Web-accessible court records still not reality
Monday, December 20th 1999, 12:00 am
By: News On 6
TULSA, Okla. (AP) -- The kinks have yet to be worked out of a new Y2K-compliant computerized court record system, even with eight of the state's largest counties facing a Jan. 1 deadline to replace the old system. Tulsa County has been testing the new Oklahoma Court Information System and reports that at times it has been unable to call up indexed records.
"I want to spoil everybody who comes through the doors, and we have not been able to do that," Court Clerk Sally Howe Smith told the Tulsa World for a story today. "We've not been able to truly function." The latest problem came last week after some civil court records were transferred into the new system and could not be accessed.
Ms. Smith expects computer access to be restored this week but she said Sunday that more problems are likely before the system is perfect. Howard Conyers, state administrative director of the court, said there's no choice but to junk the old system. It has limped along since an October breakdown and also is not Y2K compliant. That means the system could read the wrong date on Jan. 1 and begin mangling court records.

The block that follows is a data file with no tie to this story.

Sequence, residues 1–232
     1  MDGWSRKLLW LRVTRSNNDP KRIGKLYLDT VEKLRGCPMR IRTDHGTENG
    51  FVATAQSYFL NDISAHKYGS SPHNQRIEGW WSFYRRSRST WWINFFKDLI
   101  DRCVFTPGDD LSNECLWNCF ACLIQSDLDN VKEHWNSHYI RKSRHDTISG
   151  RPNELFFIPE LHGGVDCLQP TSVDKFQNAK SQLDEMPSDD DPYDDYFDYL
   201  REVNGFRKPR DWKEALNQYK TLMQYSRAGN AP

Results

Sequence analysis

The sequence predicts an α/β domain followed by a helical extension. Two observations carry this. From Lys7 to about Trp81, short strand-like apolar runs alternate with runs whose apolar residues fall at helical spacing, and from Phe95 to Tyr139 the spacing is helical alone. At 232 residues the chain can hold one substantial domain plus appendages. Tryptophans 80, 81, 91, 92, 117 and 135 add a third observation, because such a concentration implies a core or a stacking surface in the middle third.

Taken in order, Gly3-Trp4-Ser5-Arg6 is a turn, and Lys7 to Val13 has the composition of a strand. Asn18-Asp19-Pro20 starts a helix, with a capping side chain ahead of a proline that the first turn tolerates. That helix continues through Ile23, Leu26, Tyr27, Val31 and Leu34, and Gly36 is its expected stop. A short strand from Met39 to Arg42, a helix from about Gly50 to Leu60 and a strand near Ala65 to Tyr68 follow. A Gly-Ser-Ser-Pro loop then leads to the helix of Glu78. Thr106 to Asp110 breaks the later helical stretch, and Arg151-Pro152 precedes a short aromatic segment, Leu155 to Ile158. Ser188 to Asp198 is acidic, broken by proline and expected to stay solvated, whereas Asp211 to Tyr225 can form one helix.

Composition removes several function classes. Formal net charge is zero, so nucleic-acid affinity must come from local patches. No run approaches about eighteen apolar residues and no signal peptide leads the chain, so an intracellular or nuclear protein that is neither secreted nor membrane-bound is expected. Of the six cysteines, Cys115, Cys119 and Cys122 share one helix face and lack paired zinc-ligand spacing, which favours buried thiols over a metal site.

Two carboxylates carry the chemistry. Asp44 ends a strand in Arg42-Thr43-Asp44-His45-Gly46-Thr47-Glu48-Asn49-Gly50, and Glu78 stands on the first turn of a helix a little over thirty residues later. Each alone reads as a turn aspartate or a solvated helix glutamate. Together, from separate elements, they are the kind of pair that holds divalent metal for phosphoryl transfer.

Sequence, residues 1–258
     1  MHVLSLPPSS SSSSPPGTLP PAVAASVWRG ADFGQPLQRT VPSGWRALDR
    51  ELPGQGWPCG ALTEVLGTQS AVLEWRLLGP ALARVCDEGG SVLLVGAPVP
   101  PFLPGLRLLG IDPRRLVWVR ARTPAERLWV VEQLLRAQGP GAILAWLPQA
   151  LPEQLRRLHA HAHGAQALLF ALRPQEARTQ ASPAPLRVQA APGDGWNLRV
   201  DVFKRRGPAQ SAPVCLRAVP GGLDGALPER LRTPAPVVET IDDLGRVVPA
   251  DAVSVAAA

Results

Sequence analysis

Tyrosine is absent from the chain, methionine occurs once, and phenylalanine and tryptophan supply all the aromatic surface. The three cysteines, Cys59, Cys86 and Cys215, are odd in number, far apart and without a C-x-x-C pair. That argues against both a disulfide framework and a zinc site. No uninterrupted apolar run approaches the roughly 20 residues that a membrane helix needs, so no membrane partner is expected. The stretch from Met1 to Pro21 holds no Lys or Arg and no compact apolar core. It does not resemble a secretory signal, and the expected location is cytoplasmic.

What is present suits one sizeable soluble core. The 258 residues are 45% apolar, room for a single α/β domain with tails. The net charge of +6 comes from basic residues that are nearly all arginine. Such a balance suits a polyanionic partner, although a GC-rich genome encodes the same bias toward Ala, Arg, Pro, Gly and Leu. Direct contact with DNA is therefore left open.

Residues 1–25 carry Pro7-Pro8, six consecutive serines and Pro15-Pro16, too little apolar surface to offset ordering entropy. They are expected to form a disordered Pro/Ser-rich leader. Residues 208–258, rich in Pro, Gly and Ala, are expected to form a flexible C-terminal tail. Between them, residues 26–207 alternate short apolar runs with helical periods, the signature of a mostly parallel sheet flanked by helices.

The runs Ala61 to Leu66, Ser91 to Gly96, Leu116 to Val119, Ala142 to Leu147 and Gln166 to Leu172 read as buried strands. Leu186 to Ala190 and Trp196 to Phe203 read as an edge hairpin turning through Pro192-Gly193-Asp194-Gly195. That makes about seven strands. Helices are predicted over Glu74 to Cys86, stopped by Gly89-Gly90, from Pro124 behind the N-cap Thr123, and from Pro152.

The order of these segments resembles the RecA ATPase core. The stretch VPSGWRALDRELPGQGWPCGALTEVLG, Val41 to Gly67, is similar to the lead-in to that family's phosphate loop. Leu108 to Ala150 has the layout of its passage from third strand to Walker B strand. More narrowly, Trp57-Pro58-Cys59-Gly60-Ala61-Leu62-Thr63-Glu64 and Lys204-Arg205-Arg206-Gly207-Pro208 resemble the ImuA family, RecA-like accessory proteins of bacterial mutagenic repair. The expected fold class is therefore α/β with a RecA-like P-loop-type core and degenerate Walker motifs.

In addition to Tulsa, the old system serves Oklahoma, Rogers, Payne, Garfield, Cleveland, Canadian and Comanche counties. "Those implementations will go smoother because we'll have worked out all the bugs" in Tulsa County, Conyers said.
The new system, when expanded to all 77 counties, will offer Internet access to court records. It is intended to be the first fully integrated statewide court computer system in the United States. Planners for the switch decided to make Tulsa County the testing ground because of Ms. Smith's technological savvy. "She's the logical one to be the guinea pig," Conyers said.
Ms. Smith and Conyers emphasized that no court records have been lost. The court clerk's office still has paper records on every transaction. But with the massive amount of records handled everyday, "this is not a luxury, but a necessity," Ms. Smith said. The system was built with money from the court clerks' offices, a $3.2 million rainy-day fund appropriation from the 1998 Oklahoma Legislature and another state appropriation this year, Conyers said. Full statewide implementation is not expected to be completed until July 2001.